elaioplast


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elaioplast

[ə′lī·ə‚plast]
(histology)
An oil-secreting leucoplast.
McGraw-Hill Dictionary of Scientific & Technical Terms, 6E, Copyright © 2003 by The McGraw-Hill Companies, Inc.
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References in periodicals archive ?
In differentiated cells, plastids can be involved in anabolism (chloroplasts) or in storing reserves in amyloplasts and elaioplasts (Wheatley, 1977).
Second, in entomophilous species, elaioplasts produce large amounts of lipids in their stroma, which are released into the cytoplasm through the plastid envelopes prior to tapetal plasma membrane disruption (Heslop-Harrison, 1968; Dickinson & Lewis, 1973; Pacini & Juniper, 1979b; Reznickova & Willemse, 1980, 1981; Reznickova & Dickinson, 1982; Keijzer & Willemse, 1988b; Murgia et al., 1991; Pacini et al., 1992a; Weber, 1992, 1996; Hesse & Hess, 1993; Hess & Hesse, 1994).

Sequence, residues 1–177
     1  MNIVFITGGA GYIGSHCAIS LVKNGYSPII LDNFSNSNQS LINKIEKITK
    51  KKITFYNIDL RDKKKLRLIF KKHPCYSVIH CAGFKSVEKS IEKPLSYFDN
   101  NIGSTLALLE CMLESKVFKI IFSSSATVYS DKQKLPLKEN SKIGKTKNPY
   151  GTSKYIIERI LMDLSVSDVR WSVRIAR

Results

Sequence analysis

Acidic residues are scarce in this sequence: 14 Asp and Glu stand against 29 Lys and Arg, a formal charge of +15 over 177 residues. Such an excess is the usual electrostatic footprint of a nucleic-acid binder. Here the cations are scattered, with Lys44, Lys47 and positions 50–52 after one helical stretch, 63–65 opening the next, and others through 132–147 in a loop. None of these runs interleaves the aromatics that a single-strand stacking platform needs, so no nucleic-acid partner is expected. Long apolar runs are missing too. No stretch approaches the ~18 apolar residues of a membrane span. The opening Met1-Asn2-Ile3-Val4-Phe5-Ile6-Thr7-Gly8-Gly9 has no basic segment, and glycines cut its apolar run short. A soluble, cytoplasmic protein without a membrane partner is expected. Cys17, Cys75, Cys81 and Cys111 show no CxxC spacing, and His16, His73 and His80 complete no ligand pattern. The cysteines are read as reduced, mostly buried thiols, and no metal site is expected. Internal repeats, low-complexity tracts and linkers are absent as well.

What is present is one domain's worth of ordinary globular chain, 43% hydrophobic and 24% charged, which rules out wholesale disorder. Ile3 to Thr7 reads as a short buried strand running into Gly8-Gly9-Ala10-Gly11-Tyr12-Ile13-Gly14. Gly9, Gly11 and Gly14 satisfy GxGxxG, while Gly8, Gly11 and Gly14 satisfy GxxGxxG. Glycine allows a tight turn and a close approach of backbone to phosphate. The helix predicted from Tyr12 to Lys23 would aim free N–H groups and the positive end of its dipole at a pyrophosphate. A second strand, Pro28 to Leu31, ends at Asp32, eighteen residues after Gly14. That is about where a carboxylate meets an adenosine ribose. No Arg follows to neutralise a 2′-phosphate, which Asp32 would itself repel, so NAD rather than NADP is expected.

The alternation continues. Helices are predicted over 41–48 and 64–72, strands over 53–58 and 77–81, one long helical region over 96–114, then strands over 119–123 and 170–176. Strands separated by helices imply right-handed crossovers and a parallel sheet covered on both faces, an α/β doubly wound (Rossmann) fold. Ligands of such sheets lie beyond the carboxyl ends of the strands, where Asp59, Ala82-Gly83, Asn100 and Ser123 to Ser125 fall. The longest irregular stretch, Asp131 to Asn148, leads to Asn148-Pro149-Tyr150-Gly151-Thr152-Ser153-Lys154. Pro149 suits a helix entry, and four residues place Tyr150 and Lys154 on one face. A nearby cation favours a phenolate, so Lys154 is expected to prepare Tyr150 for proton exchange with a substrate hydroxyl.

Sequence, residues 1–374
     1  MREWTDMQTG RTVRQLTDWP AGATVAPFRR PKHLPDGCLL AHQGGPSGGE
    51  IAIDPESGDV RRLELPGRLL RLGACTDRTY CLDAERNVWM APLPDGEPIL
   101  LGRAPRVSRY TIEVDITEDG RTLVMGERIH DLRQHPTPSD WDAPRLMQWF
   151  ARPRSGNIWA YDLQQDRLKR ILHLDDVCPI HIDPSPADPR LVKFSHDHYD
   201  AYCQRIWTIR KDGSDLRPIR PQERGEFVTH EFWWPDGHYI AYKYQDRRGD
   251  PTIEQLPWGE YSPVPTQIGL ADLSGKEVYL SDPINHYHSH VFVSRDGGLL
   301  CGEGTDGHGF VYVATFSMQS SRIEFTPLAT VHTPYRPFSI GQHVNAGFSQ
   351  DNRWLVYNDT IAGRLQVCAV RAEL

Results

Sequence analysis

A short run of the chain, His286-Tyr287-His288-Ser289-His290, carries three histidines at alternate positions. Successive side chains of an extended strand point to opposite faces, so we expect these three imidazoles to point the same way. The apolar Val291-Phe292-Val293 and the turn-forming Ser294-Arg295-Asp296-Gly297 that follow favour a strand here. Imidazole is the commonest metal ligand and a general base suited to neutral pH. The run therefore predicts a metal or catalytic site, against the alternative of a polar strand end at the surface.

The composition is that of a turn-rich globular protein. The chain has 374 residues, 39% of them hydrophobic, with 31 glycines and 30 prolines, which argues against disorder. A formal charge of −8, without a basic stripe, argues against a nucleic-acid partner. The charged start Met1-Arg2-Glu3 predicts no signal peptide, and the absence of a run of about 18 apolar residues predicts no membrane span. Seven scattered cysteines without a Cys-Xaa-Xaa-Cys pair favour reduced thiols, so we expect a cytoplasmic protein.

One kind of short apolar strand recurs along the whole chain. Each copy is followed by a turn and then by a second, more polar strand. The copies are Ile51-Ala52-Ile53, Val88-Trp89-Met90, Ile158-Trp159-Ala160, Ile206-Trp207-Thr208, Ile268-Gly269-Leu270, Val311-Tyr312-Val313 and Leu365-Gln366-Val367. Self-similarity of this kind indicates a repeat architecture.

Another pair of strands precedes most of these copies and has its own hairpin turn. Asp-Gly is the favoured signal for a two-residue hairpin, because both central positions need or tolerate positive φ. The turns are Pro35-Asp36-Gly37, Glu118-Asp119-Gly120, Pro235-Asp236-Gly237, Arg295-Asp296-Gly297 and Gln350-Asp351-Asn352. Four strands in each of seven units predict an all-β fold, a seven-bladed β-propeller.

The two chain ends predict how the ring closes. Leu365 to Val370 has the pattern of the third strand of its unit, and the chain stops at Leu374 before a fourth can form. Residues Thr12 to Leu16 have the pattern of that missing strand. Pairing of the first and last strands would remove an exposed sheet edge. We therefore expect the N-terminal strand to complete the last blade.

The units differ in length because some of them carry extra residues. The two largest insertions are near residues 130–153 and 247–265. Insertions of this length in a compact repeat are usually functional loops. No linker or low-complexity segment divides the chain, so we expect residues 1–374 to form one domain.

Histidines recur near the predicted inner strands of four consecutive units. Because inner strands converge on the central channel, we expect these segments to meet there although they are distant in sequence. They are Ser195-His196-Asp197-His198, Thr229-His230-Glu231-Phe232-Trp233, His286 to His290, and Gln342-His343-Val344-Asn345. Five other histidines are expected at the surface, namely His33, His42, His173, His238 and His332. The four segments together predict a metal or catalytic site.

Both tapetosomes and elaioplasts are involved in the formation of tapetal lipids that are released in the locule to form tryphine (Dickinson & Lewis, 1973) by extra situm degeneration (Pacini & Franchi, 1991).
In the tapetum, plastid divisions may occur either before lipid accumulation, as in Cucurbita (Ciampolini et al., 1993), or when elaioplasts are already differentiated, as in Lilium (Clement et al., 1998).
One reason may be pollination type, which influences the resorption (or not) of tapetal elaioplasts and the physicochemical properties of pollenkitt.